Burwood Art Prize 2023

Enter now for the 2024 Burwood Art Prize

Burwood Art Prize theme 2023 

Visibility, Ritual, Legacy

The Burwood Art Prize invited artists across Sydney to engage, consider and reflect upon one or more of the following themes: Visibility, Ritual, Legacy. Each theme could be examined and negotiated in a literal, abstract, formal and informal sense.

Artists were encouraged artists to see these themes as lenses through which their art can be perceived by different people in different ways. A portal and invitation for our audiences to explore broader ideas around identity, community, culture and personal experience. Artists were also invited to consider how each of these themes may connect or disconnect with their personal practice, experience, surroundings or environment.

2023 Burwood Art Prize Winner

$10,000 Acquisitive Prize

Johanna Ng
Dad Shot, I Shoot 
single channel video, stereo sound
9minutes 5 seconds

My father had aspirations to become a professional photographer in his twenties. Carrying his legacy, I now have similar aspirations to a version of my father I can never meet. Dad Shot, I shoot uses his collection of colour photo slides as its main material; as I looked through a selection of them, I encountered scenes I’ve never seen before. The ‘subtitles’ are a transcription of my observations of the scenes’ formal qualities blended with conjectures, while my father’s voice narrates his own reminiscences and lapses of memory. The work builds on the common ritual of sharing memories through photographs but evades a holistic and visible representation of these photos. These strategies parallel the navigation of thresholds between personal memory, cultural displacement, migrant imagination, and our right to opacity.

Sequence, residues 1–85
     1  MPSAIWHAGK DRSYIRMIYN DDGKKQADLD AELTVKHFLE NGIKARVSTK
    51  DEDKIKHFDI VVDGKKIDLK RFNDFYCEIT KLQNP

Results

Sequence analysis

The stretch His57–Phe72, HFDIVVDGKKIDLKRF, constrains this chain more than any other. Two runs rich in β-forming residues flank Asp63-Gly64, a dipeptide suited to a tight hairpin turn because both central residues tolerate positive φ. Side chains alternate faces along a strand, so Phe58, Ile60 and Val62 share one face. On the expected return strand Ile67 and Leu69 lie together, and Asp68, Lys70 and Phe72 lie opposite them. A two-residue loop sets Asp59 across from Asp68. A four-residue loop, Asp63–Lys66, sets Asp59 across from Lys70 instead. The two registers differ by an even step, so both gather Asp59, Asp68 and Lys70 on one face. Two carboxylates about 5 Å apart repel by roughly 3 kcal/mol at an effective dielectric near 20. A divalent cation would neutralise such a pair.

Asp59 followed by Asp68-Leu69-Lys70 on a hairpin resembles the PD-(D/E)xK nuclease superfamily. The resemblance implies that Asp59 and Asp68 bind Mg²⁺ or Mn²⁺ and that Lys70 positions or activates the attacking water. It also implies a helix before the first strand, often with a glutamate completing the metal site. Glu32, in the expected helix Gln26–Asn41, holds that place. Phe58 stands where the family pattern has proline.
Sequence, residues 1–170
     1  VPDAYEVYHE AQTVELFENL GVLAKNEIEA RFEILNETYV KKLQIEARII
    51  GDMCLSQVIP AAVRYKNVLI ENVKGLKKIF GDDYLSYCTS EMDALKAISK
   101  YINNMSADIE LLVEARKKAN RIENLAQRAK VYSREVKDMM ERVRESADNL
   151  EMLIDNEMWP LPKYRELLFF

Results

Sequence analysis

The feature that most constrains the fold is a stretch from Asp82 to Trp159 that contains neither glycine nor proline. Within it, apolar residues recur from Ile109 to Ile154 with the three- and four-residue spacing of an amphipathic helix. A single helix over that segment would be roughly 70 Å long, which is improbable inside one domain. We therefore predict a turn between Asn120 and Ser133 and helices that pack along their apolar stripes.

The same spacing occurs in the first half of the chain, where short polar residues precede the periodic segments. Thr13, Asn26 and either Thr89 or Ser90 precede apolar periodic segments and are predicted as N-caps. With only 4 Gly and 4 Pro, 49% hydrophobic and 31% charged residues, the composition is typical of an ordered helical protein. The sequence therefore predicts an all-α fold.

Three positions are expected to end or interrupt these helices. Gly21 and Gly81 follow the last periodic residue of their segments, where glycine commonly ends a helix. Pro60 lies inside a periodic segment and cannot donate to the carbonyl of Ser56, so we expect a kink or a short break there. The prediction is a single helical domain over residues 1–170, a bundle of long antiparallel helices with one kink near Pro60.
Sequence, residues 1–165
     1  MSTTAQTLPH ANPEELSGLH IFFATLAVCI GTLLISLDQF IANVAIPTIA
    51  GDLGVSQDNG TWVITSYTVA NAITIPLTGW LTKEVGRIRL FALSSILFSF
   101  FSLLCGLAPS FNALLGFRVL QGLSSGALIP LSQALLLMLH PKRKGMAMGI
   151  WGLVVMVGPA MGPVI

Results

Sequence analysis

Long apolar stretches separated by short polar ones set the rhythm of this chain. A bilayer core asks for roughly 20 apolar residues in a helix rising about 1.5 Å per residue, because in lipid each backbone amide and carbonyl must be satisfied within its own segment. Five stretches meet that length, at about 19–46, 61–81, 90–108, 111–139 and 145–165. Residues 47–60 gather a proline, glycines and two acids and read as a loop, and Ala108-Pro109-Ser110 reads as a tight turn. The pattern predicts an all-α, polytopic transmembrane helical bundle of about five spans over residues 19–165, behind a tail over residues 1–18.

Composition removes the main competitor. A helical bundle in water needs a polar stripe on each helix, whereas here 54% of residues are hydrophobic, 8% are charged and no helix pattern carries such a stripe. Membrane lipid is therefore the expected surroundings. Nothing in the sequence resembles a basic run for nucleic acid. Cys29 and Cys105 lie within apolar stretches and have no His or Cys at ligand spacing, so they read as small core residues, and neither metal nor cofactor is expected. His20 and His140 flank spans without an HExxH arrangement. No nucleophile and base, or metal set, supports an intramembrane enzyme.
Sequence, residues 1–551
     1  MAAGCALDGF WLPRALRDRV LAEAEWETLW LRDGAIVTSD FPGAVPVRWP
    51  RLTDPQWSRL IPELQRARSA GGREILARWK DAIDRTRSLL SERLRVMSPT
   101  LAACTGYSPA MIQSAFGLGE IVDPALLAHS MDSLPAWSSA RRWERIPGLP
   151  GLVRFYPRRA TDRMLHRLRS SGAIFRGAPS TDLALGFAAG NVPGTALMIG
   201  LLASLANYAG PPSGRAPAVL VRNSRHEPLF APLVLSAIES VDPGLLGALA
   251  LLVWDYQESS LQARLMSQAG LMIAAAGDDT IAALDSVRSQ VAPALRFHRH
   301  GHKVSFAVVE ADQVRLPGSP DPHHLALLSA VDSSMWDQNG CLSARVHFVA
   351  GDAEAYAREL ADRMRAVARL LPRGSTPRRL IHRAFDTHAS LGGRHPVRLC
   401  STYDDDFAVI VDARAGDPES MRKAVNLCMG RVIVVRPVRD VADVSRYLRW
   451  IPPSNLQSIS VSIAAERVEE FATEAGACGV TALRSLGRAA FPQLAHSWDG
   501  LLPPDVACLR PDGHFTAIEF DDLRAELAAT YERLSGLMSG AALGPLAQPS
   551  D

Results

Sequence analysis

2023 Burwood Youth Prize Winner (open to all Sydney entranced aged 16-20 only)

$1,500 non-acquisitive

Aryan Sethi
Witnessing time
Printed photograph

We see through a lens of past occurrences, rituals and the upheld legacies of our ancestors, ultimately shaping our identity today. ‘Witnessing Time’ was captured in Old Delhi’s historic fort Red Fort, which served as the primary residence of the Mughal empire during the 16th and 17th centuries. After much bloodshed and British influence, traditional Mughal architectural styles fused with British styles.  The figure in the photograph is looking out into the azure, witnessing a sort of freedom that may have not existed in previous times. Whether that freedom is flourishing is unknown, but is, nevertheless, grounded with ancestral legacy.

  

2023 Burwood Local Prize Winner (Burwood LGA residents only)

$1,500 non-acquisitive 

Gigi Huang
Burwood 1995
Acrylic, ink, wool on cotton

Within this painting is a photograph taken of mum and I, in Burwood Park, 1995.  Overlaying with paint, needle, thread – building layers of stitching over the landscape and surrounding the figures –this artwork is part reflection, ritual, and process. Having migrated at a young age to Sydney, my interest lies within intersectional identities, immigrant and migrant experiences.  Therefore, my practice investigates the possibility of ‘unlearning’ an identity through the analysis and reinterpretation of histories, events, memories, or experiences both personal and not my own. This work helps me explore constantly evolving concepts around femininity, memory, and identity.

 

Burwood Art Prize People's Choice Award

$1,000 non-acquisitive

Smruti Patil
Warli
Gauche on poster board